Monday 23 May 2022 – The only item on our agenda today was simply to get to our next accommodation, the Dana Guest House, described as “simple” accommodation in the literature we got from Audley, our travel organisers. Since it is billed as being in the Dana Nature Reserve (or even the Dana Biosphere Reserve), and egged on by other information I had looked up online, I was expecting something that served no alcohol (correct) and was short on anything more than basic facilities (not so correct, as it turns out; TripAdvisor, for example, mentions that there is an internet there.) I wasn’t expecting there to be enough information to fill a day’s-worth of blog entry, and I was wrong there, too.
Saeed was due to pick us up at 10am for the three-hour drive to Dana, which meant we had a relatively relaxed start. Since we had not thus far wandered extensively around the Mövenpick, we elected to take a stroll around the resort before heading to the restaurant where they serve breakfast.
Yes, we were Only Making Plans For Najel ** . Thank you. Thank you for reading my joke.
The resort is impressive, but very resortish
and the breakfast is only moderately to our taste – not a good selection of fresh fruit, for example. At least they had Earl Grey tea so we could conserve our own stocks. Amazingly, there was no Marmite on the breakfast buffet.
We were able to get away promptly and were soon buzzing along the Desert Highway. It’s a motorway, but that doesn’t mean that there are no speed bumps. It also doesn’t dissuade the entrepreneurial spirit that marks out Jordanians, as there were several roadside sellers touting mainly watermelons out of the back of pickups.
Saeed bought a 10kg example. There practically wasn’t room for it in the boot.
We were just beside Wadi Rum and I caught sight of this lonely figure trudging along in the developing heat of the day
which made me thoughtful about a culture which, in torrid heat, makes women dress from head to toe in black and simultaneously approves of men dressing in white dishdashas.
The journey proceeded swiftly with only the usual sort of diversions one gets in this part of the world
and after turning off the Highway, Saeed shortly pulled up and suggested we take a look at the view.
In the middle, on the left, is Dana Village.
So we were soon there and checked into the Dana Guest House.
We were in luck in that we were accommodated in a room in a recently-built wing that featured (a) such modern amenities as air conditioning and
internet access; (b) a simply staggering view;
and (c) en suite facilities. Even the shower has The View.
Our expectations had been set correctly in that there was no food available until dinner at 1930. There was a kettle in the room and so I asked reception if there was a chance of milk and got some powdered stuff which, to be frank, took us a while to develop the courage to try (it turned out to be powdered milk and not too unpleasant). However, there was instead some rather nice-smelling herbal tea in the room, so we made a cup of that and, it being about 1330, settled ourselves down in front of That View for some world-class relaxing to build us up for our hike tomorrow.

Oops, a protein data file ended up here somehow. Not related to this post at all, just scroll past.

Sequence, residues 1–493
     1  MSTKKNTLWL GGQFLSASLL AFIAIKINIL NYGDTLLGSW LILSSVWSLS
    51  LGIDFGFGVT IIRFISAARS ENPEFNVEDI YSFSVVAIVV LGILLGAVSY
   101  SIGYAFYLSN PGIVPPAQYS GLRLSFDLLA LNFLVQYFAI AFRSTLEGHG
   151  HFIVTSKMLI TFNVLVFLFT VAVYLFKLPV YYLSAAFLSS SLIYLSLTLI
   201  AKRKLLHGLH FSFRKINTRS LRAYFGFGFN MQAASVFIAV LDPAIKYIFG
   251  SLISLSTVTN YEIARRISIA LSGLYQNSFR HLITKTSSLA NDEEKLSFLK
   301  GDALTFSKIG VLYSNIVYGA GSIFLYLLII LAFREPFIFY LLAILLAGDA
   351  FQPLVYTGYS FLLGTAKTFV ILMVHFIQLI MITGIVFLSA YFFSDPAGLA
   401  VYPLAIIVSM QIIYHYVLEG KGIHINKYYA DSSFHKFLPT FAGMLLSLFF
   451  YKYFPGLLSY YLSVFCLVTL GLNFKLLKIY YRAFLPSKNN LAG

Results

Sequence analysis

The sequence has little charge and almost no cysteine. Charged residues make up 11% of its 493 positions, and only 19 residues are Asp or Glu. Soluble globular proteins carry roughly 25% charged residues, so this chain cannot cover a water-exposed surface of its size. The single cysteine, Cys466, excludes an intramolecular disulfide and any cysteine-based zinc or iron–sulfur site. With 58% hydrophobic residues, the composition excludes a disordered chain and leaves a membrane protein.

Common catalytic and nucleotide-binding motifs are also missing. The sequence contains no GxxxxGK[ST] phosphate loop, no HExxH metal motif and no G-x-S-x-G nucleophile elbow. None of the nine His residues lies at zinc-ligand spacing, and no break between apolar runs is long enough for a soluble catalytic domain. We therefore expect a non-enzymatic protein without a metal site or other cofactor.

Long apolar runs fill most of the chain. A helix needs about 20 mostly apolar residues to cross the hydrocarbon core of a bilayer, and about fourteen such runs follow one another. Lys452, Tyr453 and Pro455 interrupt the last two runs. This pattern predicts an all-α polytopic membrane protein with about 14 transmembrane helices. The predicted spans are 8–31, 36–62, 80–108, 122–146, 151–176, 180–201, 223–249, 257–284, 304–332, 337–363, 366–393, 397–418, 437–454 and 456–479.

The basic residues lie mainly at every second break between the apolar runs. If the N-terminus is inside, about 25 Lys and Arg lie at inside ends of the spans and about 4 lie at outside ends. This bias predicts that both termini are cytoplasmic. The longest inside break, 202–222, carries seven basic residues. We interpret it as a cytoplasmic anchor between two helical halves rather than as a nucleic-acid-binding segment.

The only thing that detracted from the peace and quiet was the wind, which was ferociously noisy.
We had resigned ourselves to being hungry until dinner time, so to distract ourselves, and because the wind seemed to have died down somewhat, we decided to take a walk around Dana Village. The Guest House employs a chap called Ali who is very helpful, but cannot, for some reason, speak. He furnished us with a little booklet with some details and off we went.
It’s a strange place. It was originally a ghost of a village that Arabs lived in until the 1800s, but corners of it are flickering back into life as eco-tourism becomes more and more popular. The information we’d been given was specific that there were no restaurants in the village, and it was wrong. As we started walking around, Jane spotted a couple of people sitting on a roof terrace, and it turned out that they had been served at a very much functioning (albeit basic) restaurant.
They offered us coffee, hummus and moutabel (also known as baba ghanoush, a sort of aubergine-based version of hummus) and so we went and joined the people on the roof
who were taking advantage of The View. We elected to sit in the shade. Pardon the photo of food, but it was such an unexpected pleasure, I feel compelled to share.
Afterwards, we strolled around, past some typical scenes
and discovered that there were other places at which we could also have got food. There are other hotels,
and several picturesque scenes which show at once its crumbling nature and the signs of restoration/development.
There’s even an EV charging point.
We speculated about the route for tomorrow’s hike, which takes us down the mountain and along to Feynan Ecolodge. We think you can see the trail going up from the bottom right here;
We’ll find out, possibly the hard way, tomorrow morning.
At 1930, as often happens around that time, the sun set
and we went for dinner in the restaurant, which gave a good sunset view.
The dinner was a buffet, of course, and included a good variety of local dishes – good nourishing stuff. Afterwards, we went back to our room and relaxed for the rest of the day.
Tomorrow is The Hike – 15km from here to Feynan Ecolodge, mainly downhill but sometimes steeply so. We’ll have a guide and we’ll see how our progress compares with the guidance time of six hours. But we should be there in time for me to update these pages with whatever adventures we encounter en route, so please come back tomorrow and find out, won’t you?
* Thought I’d better explain this. “Oh, Donna” was a 1973 song by 10CC
** “Making Plans for Nigel”, XTC, 1979